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Dragic says success of Jokic, Doncic bothers Americans focused on pure athleticism

Dallas Mavericks v Miami Heat

MIAMI, FL - MARCH 28: Luka Doncic #77 of the Dallas Mavericks swaps jerseys with Goran Dragic #7 of the Miami Heat on March 28, 2019 at American Airlines Arena in Miami, Florida. NOTE TO USER: User expressly acknowledges and agrees that, by downloading and or using this Photograph, user is consenting to the terms and conditions of the Getty Images License Agreement. Mandatory Copyright Notice: Copyright 2019 NBAE (Photo by Issac Baldizon/NBAE via Getty Images)

NBAE via Getty Images

Nikola Jokic is a two-time MVP not because he can jump out of the gym but because he has a well-rounded skill set, can shoot, and most importantly can see and think the game a step ahead of everyone else on the court. Luka Doncic is somewhat from the same mold, he doesn’t create space with his athleticism but rather his craft, strength, ability to switch speeds, and he sees the game differently.

The success of those Europeans bothers some Americans who want to believe the NBA game is about athleticism, Goran Dragic said in an interview with Bulgarian-based sports site Sportal (thanks for the translation

“His [Jokic] IQ is such that he’s messing with them there,” Dragic said. “Americans are pushing their way forward through marketing and that’s all normal but when you put everything on the floor, it’s a different story. Jokic is not fast, he doesn’t jump and that gets up their noses, how can a man play like this? They [NBA players] are all in good shape, you need to have six percent body fat, you need to jump… And I think it gets on their nerves, how can Jokic and Luka play like this?”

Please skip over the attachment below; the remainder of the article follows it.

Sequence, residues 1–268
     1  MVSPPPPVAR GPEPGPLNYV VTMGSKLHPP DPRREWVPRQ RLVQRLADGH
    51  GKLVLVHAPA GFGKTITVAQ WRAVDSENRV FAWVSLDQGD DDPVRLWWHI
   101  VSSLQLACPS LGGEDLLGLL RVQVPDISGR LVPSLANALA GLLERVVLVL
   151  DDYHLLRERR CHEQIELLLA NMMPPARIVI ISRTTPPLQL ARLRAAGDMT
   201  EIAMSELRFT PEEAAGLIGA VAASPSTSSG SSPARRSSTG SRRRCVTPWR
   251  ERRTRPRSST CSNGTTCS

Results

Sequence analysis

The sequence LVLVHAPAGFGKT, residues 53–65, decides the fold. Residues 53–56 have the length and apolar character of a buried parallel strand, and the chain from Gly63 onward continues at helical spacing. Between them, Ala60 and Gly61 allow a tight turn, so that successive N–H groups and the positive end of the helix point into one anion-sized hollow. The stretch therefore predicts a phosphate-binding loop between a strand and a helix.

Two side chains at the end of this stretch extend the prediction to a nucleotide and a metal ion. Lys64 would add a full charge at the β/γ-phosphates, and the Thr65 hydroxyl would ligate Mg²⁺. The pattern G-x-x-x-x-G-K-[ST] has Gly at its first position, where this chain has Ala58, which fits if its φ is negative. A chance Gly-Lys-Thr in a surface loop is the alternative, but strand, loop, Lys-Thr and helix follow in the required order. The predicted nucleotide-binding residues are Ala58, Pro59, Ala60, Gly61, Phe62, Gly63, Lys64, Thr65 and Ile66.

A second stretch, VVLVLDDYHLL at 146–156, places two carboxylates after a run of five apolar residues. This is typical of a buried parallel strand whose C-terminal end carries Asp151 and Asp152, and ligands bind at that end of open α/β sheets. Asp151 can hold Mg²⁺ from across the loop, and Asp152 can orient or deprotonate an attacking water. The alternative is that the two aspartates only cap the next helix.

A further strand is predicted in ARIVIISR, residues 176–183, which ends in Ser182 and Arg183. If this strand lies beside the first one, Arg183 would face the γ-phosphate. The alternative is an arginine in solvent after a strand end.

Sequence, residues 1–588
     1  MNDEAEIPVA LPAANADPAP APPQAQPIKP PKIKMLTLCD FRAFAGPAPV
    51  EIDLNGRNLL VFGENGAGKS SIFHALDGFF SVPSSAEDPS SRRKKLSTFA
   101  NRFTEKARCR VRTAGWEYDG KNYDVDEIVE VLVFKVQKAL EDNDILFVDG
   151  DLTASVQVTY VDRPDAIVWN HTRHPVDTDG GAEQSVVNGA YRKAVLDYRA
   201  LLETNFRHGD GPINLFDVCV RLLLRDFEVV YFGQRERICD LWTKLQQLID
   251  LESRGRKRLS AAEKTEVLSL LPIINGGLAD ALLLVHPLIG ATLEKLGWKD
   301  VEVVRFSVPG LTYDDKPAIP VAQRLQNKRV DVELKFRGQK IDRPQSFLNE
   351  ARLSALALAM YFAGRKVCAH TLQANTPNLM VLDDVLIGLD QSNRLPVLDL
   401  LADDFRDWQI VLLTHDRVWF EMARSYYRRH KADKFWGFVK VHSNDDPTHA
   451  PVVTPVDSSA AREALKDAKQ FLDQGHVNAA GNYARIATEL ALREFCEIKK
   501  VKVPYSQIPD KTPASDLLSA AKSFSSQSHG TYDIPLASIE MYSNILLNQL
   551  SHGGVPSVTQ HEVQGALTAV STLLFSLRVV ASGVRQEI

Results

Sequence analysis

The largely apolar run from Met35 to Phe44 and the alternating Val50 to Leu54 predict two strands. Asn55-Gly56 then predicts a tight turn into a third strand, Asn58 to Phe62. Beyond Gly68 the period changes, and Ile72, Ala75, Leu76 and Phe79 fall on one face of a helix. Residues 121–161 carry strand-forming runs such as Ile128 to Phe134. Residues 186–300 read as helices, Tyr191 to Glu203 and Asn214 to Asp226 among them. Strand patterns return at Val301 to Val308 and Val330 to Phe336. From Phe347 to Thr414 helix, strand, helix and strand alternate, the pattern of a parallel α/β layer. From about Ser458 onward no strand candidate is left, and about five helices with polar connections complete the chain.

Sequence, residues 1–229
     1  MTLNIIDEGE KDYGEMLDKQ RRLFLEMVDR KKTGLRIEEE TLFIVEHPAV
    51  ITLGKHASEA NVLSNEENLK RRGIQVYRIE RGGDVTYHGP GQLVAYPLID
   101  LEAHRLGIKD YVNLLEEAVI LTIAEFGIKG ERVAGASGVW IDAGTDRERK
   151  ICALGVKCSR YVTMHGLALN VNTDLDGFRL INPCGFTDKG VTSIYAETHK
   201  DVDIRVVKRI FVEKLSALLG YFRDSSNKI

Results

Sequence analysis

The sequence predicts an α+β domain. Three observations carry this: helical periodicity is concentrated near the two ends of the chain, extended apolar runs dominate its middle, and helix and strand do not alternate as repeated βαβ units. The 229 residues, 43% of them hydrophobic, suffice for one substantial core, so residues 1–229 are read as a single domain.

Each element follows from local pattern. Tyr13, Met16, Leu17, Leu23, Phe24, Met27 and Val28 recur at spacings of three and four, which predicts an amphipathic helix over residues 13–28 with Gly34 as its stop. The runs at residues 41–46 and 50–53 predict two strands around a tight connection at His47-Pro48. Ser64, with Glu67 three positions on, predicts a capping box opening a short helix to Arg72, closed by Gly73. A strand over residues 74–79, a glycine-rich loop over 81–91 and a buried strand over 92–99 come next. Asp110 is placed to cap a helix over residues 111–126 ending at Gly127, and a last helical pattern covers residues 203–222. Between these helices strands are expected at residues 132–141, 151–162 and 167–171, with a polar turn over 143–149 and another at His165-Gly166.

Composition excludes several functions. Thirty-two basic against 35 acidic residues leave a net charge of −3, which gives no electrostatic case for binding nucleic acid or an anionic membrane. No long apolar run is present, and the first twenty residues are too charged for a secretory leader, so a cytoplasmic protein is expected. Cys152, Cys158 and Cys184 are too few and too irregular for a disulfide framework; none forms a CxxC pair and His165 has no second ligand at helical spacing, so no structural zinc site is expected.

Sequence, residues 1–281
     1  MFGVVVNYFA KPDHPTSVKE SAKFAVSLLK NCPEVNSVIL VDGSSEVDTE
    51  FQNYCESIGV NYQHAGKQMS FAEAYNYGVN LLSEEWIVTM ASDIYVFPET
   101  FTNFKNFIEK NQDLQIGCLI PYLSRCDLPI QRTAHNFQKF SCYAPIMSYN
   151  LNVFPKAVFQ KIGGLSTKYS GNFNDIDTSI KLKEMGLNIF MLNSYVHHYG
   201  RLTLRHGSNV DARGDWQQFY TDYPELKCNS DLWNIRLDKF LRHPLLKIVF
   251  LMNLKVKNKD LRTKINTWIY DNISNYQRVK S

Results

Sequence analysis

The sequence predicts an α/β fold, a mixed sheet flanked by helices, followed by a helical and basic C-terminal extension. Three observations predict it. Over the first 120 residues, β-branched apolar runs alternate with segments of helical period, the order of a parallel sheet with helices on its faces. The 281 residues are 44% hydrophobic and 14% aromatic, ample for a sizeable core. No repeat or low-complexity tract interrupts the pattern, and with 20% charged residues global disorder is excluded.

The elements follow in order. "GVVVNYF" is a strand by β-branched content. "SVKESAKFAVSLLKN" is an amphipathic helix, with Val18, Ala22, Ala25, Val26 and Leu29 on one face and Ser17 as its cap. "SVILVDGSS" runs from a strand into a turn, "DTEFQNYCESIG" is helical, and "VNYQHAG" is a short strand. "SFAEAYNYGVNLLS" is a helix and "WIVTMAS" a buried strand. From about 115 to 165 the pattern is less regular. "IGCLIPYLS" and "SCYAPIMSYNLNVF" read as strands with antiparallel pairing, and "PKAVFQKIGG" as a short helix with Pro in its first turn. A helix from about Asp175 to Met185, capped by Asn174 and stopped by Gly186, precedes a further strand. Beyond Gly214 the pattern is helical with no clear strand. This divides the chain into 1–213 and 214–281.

While around the NBA Combine and draft, the “measurables” do influence picks, this strikes me as a bit of an overstatement (albeit one where a European player is propping up his friends). Craft and basketball IQ are far from ignored around the draft.

There is a baseline of athleticism that needs to be met to play in the NBA, but there is more than one way to succeed.

Exceptional athleticism can be the first step to a historic career — Giannis Antetokounmpo and Russell Westbrook are examples — but it alone is not enough. Some insane athletes enter the NBA every season who do not pan out because they cannot master the craft or mental sides of the game — often those picks slide down the draft until a team considered them a reasonable risk at that point. On the other side, “Slo-Mo” Kyle Anderson has not carved out an impressive NBA career because of his raw athleticism. Chris Paul at age 37 is an All-NBA player because of just his physical gifts. They were drafted for a reason (CP3 was No. 4 overall).

There is no one path to NBA success. Despite how Dragic and others may sometimes feel, NBA teams recognize this. Some even draft accordingly.